Memory Plays

How a theatre ensemble helps people with dementia

The theatre ensemble Demenzionen's plays are designed to trigger memories among the audience. Courtesy Demenzionen
10 October, 2019

On a warm July afternoon, in a large, airy room, three elderly actors chatted away behind a white curtain, as they waited for their audience to be seated. Next to them lay an open brown leather suitcase with metallic edges, a radio set that dated back to before the collapse of the Berlin Wall and an old songbook. The walls were splashed with photos from Italy.

It took a while for the spectators to arrive from the upper levels, as the elevator could fit in only three wheelchairs at a time. Those who could walk independently settled down on neatly aligned brown, cushioned chairs. Those in wheelchairs were positioned so that they left enough space for the actors to walk through and reach every viewer.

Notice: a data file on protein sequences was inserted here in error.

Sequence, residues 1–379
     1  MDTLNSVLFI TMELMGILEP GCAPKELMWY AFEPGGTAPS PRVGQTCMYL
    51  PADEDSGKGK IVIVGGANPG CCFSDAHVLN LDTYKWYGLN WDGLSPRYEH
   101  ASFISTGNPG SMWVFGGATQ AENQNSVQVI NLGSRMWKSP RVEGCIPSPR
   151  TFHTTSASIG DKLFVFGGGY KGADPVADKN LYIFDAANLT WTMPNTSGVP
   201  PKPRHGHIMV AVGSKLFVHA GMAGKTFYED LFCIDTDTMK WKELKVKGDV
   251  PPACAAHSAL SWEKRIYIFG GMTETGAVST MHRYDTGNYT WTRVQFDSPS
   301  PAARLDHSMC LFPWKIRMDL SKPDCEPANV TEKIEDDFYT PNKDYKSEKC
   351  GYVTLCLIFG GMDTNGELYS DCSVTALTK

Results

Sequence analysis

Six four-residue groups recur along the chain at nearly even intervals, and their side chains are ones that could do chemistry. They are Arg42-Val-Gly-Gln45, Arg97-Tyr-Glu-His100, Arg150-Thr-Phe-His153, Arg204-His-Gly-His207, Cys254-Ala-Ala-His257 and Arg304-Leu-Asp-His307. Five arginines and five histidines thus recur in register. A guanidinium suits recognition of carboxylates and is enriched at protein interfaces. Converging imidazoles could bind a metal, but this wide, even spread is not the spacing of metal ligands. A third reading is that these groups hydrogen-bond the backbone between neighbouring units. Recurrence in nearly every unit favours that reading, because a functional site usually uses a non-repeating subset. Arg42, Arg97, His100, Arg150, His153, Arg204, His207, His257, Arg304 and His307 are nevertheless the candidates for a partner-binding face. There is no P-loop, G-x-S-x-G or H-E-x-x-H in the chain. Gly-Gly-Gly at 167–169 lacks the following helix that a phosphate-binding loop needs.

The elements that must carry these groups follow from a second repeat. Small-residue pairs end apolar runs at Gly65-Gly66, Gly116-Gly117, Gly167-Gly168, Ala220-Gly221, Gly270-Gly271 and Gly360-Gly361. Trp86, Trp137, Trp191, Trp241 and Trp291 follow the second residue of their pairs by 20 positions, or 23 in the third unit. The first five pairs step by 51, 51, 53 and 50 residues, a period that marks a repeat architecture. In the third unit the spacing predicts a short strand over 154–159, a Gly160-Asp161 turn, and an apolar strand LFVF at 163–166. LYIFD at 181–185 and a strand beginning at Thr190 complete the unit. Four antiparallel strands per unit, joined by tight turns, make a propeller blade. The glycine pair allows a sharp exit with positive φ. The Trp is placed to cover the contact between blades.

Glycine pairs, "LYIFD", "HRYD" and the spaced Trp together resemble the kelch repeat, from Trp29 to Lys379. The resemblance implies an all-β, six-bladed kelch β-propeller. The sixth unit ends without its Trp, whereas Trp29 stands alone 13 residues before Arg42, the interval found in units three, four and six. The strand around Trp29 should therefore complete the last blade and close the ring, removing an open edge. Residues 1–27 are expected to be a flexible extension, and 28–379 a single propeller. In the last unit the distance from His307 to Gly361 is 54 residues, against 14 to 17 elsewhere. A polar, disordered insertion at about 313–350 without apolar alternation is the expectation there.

Being performed at the Diacor retirement home in Bad Honnef, a spa town in western Germany, the show was a humorous musical called Journey to the South Side, about a family’s holiday from West Germany to Italy in the 1950s. The multisensory performance by the theatre ensemble Demenzionen was interactive, and took its viewers back into their past, a place where they felt most comfortable.

Including arts intervention into everyday care can be tremendously effective for people with dementia. A 2018 study published in the International Journal of Environmental Research and Public Health found that music, visual arts and dance have positive effects on their mood, alleviating depression and apathy. They are also linked to better language functioning and an improved quality of life.

Priti Salian is a Bangalore-based journalist who covers human rights, social justice, development and culture for The Guardian, the BBC, National Geographic, NPR, Al Jazeera and many other publications.